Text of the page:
The creation of the NSIRA with authority to review and publicly report on CSE’s compliance with the law is an important accountability measure. This may be particularly relevant to the Charter consistency of CSE activities that potentially engage privacy interests, such as those authorized under Foreign Intelligence, Cybersecurity, and Emergency Authorizations, as well as disclosures of information in urgent circumstances and to advance foreign intelligence and cybersecurity objectives. Any such privacy effects would occur in circumstances in which persons affected may be unaware of the intrusion and so unable to bring potential concerns to court. Enabling an independent body to review and, in particular, publicly report on CSE’s compliance with the law supports the reasonableness of the law authorizing CSE’s activities.
Apart from privacy-related considerations, NSIRA’s mandate may contribute to the constitutionality of any other potential Charter effects. To the extent that individuals may be unaware of effects on their rights and freedoms due to the covert nature of CSE’s activities, the NSIRA’s ability to review activities and publicly report on any observed non-compliance would create an effective accountability measure to secure compliance with the law.
Prohibition on disclosure
With certain exceptions, section 56 would prohibit the disclosure, in a proceeding before a court, person, or body with jurisdiction to compel the production of information, of the identity of a person or entity that has assisted or is assisting CSE on a confidential basis, or any information from which the identity of such a person or entity could be inferred.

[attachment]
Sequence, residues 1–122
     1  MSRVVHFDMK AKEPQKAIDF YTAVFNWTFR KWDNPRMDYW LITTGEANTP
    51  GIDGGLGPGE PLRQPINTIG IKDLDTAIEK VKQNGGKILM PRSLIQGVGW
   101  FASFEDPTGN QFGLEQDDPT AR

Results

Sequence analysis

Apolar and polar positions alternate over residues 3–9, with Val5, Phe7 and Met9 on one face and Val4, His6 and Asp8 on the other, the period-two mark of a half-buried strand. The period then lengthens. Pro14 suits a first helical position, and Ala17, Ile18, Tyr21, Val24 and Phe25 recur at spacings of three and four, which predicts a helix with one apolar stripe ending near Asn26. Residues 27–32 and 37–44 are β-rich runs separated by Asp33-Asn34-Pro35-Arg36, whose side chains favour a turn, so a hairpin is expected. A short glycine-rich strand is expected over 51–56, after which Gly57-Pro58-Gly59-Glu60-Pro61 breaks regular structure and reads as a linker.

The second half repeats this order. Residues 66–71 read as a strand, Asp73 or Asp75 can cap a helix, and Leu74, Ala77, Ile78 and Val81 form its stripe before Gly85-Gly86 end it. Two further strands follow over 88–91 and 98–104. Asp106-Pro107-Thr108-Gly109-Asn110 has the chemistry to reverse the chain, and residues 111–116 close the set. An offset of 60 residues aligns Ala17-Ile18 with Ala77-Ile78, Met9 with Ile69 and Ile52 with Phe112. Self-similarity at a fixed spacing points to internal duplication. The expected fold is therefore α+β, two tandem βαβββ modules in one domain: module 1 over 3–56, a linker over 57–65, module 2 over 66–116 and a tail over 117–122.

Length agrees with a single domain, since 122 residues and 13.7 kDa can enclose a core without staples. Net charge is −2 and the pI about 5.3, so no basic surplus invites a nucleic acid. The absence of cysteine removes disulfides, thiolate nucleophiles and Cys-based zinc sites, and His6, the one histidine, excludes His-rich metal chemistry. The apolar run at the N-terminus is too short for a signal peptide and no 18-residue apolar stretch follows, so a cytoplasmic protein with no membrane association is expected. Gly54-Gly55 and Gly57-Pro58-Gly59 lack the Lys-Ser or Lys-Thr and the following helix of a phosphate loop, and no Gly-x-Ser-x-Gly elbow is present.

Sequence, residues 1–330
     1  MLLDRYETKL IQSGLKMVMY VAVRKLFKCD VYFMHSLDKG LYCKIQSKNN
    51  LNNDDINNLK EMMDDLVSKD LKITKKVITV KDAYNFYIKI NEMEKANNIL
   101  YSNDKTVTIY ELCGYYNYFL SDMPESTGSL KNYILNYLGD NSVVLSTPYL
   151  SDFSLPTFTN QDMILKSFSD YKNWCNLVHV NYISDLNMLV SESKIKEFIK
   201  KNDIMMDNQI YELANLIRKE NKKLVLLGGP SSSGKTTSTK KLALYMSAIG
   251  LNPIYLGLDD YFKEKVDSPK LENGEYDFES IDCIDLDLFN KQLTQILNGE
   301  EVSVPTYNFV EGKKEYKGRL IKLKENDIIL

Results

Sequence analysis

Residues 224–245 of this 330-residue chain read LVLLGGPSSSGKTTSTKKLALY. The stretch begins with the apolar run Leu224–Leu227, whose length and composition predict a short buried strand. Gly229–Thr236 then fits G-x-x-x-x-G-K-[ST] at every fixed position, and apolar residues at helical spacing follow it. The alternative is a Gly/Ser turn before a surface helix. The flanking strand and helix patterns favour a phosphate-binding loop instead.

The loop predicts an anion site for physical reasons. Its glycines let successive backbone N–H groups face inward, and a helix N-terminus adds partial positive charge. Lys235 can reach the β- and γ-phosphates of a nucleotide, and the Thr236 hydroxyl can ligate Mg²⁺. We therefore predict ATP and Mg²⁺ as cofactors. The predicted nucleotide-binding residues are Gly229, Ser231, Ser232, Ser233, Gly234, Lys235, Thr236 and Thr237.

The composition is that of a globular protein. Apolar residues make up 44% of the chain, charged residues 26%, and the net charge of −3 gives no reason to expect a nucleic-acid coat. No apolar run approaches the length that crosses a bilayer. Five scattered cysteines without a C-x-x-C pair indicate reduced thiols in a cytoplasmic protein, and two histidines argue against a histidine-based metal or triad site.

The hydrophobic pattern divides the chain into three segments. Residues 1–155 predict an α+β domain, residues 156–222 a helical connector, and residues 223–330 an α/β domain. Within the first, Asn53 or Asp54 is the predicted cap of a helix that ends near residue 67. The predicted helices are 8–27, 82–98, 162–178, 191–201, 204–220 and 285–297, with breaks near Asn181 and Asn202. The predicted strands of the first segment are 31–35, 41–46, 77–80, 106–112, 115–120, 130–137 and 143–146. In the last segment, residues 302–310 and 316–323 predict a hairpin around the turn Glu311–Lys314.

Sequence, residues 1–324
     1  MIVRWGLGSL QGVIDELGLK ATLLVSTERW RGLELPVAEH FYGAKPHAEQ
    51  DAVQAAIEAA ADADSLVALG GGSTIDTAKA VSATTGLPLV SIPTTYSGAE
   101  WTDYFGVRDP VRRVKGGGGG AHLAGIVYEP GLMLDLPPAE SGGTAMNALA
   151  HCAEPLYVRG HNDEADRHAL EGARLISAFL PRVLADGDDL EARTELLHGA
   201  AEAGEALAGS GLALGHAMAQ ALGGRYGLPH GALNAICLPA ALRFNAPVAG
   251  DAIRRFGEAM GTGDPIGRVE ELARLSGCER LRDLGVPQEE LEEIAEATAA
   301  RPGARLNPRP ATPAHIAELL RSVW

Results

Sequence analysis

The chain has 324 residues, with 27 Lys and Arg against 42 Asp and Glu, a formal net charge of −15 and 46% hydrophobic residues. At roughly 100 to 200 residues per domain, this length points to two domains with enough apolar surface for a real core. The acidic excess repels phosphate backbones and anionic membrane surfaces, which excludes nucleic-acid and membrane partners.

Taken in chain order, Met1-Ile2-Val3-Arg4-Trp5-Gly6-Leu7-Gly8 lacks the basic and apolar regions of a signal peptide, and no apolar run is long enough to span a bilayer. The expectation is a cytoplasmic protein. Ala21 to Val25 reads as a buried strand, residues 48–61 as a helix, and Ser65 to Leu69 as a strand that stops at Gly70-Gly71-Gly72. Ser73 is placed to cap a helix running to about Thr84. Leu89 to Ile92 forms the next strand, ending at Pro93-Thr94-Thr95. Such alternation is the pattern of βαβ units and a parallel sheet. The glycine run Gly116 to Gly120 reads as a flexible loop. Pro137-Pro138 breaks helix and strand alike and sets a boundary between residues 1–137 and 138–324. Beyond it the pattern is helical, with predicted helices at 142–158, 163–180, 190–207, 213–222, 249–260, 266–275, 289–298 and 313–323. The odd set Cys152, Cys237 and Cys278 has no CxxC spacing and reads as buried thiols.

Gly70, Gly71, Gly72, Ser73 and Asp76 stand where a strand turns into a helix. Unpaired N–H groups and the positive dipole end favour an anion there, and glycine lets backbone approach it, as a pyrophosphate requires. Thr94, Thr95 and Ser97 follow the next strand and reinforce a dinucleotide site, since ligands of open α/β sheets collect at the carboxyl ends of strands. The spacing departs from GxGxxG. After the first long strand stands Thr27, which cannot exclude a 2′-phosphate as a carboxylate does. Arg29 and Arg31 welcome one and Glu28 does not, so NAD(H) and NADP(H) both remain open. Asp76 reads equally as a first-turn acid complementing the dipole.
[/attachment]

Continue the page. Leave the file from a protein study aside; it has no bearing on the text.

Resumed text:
A designated judge of the Federal Court would be able to authorize disclosure of the information in two instances: (1) if the judge is of the opinion that the individual is not a person or entity that is assisting or has assisted CSE or if the identity of such a person could not be inferred from such information; and (2) in the case of a proceeding that is a prosecution of an offence, where disclosure of the identity or information from which the identity could be inferred is essential to establish the accused’s innocence.
The purpose of the section is to ensure that the identity of persons or entities that assist CSE would be kept confidential in order to protect their security and to encourage individuals or entities to provide assistance to CSE. The intention is to protect the identity of persons who provide assistance to CSE and any information from which their identity could be inferred.
The prohibition on disclosure has the potential to engage section 7 of the Charter where the identity of the individual or information from which identity can be determined is being relied upon in a proceeding that engages the liberty interest of an individual, such as a criminal prosecution or those related to certain proceedings under the Immigration and Refugee Protection Act. Specifically, the prohibition could engage section 7’s guarantee of procedural fairness.